Eukaryotic activators

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In a basal promoter region, basal transcription is very low (almost inactive) without Upstream Activating Sequences and Enhancers, therefore the function of these is to stimulate transcription.

There are two classes of Upstream Activating Sequences and Enhancer elements. These are elements which direct the binding of specific activators to enhance transcription, and they include:

  1. 'Common' Sequence Elements, which are often located close to the core promoter. These bind activators that are relatively abundant and don't respond to any particular stimuli, therefore, they are constitutively active.
  2. Response Elements which bind factors whose activity is induced in response to specific stimuli, therefore they only activate transcription under certain circumstances.

The combination of these elements is what dictates when and at what level a gene is described, and this is known as the combinatorial control of transcription.

Enhancers function irrespective of location and orientation. Enhancers may be close or many kilobases away from gene being activated. NB: enhancers may also be downstream of the open reading frame.

Eukaryotic activators are modular with two main domains (joined by a flexible protein domain):

  1. Activation domain (some activators have multiple activator domains). This is what allows activators to contact the basal transcription machinery.
  2. DNA binding domain (most only have 1 DNA binding domain). They have a well-defined structure (e.g. Leucine Zipper, Homeodomain, Helix Loop Helix)[1]. However, activation domains lack sequence conservation and structural information, and we can only characterise them according to their amino acid composition. They are thought to be unstructured and flexible, only thought to form their structure once they interact with their target. Furthermore, they contain multiple short segments that work together in an additive fashion, meaning that parts of them may be removed and they can still remain functional. (An image showing the different domains and how they interact with DNA is shown here.)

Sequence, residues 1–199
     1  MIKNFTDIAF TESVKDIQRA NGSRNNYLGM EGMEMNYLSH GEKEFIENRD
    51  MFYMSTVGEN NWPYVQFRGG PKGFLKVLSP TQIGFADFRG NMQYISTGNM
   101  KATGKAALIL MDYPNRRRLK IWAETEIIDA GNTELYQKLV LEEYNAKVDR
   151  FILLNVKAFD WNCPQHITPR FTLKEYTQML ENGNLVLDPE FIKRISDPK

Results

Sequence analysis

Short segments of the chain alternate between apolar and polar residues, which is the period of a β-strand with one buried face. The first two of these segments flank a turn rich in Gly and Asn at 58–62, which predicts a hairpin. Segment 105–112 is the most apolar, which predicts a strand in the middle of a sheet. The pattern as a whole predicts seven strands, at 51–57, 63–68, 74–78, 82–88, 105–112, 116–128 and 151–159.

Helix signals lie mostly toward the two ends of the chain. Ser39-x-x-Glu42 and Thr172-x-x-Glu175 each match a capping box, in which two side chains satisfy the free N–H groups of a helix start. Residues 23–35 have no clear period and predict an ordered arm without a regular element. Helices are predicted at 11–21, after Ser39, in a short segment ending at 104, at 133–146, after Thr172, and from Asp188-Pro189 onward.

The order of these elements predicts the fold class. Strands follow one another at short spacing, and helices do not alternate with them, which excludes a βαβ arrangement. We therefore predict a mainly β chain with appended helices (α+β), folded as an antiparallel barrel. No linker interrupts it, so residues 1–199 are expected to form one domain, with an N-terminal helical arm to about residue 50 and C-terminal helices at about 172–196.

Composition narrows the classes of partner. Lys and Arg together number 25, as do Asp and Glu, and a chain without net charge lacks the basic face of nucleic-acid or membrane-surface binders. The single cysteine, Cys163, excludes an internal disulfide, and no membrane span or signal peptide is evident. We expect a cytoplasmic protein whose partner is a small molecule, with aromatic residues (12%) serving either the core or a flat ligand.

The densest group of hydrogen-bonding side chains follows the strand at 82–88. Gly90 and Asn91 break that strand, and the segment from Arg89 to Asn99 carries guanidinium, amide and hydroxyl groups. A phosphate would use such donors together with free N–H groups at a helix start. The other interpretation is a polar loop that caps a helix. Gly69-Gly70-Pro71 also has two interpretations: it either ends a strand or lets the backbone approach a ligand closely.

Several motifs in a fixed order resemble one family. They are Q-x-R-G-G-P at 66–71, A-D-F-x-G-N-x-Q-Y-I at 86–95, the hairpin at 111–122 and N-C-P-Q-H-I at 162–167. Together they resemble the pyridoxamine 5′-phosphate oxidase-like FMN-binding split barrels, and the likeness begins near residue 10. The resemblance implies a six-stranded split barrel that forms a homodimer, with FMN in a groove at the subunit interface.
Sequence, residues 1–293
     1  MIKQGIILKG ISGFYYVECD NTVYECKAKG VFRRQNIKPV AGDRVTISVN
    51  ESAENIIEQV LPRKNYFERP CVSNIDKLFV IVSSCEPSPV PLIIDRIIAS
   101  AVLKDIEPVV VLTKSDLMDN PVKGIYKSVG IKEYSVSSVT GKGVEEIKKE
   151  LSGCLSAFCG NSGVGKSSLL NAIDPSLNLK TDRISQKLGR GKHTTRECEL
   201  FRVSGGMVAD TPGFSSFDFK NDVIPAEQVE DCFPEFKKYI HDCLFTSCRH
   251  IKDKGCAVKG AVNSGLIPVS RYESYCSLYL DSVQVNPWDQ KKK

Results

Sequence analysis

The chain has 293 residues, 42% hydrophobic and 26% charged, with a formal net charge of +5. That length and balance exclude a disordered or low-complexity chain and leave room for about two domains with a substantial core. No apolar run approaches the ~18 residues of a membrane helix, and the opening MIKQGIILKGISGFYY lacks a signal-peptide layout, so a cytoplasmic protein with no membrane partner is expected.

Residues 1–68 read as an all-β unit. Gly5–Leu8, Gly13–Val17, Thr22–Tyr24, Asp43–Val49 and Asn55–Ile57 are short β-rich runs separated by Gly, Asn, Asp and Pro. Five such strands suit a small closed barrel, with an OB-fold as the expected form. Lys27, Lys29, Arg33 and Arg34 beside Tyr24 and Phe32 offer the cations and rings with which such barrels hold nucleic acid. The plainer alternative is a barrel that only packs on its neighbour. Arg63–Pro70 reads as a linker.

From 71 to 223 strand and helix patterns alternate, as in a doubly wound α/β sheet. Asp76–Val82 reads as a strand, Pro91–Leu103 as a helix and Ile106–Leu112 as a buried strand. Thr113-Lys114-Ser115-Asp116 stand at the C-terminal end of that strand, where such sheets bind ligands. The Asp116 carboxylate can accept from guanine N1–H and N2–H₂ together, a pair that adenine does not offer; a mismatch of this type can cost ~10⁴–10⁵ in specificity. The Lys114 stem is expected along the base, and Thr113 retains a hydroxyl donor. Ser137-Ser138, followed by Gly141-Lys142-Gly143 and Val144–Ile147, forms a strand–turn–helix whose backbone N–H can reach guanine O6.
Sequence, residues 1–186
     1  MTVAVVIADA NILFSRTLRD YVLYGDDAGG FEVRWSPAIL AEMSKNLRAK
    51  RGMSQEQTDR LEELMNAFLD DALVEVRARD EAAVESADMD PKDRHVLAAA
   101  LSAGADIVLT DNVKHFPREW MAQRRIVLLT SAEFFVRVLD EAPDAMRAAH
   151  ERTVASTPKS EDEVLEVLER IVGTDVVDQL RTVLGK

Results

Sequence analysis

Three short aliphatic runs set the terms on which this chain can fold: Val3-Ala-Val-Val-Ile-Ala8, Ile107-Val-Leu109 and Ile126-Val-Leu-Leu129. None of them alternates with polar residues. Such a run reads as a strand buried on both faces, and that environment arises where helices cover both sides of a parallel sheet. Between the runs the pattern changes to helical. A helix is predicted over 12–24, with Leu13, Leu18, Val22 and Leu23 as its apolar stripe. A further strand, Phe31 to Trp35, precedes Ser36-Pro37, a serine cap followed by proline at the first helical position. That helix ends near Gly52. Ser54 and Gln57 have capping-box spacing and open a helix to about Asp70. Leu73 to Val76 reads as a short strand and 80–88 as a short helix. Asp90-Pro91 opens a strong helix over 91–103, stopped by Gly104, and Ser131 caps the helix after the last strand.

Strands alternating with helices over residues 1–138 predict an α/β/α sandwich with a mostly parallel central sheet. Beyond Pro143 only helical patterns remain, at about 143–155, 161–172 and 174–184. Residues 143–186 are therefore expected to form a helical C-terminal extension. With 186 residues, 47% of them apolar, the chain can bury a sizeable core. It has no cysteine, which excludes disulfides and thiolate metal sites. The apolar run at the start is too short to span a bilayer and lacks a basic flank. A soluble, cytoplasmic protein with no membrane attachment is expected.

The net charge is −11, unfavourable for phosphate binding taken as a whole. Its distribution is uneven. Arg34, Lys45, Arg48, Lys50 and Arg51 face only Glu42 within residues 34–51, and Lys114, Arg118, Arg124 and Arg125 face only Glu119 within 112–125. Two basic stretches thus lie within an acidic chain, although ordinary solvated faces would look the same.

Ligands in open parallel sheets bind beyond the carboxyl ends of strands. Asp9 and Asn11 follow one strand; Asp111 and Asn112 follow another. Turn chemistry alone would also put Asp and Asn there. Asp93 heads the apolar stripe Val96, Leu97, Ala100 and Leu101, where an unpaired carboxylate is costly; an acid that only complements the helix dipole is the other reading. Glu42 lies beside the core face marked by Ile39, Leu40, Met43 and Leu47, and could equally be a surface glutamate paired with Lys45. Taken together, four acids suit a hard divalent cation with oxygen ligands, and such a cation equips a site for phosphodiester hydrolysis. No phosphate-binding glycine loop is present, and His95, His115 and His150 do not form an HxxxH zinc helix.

There are multiple in vivo and in vitro methods for the analysis of activators and their function.

One example is a reporter assay which may be performed as follows: Prepare two plasmids, one with a gene encoding the protein thought to be the activator, and one with the reporter gene and the activator's binding site. After this, cotransfect plasmids into chosen cells and if activator binds, there will be reporter gene expression. (An image of this process is shown here)

This measures both the ability of the protein to bind DNA and activate transcription.

References

  1. Lodish H, Berk A, Zipursky SL, et al. Molecular Cell Biology. 4th edition. New York: W. H. Freeman; 2000.
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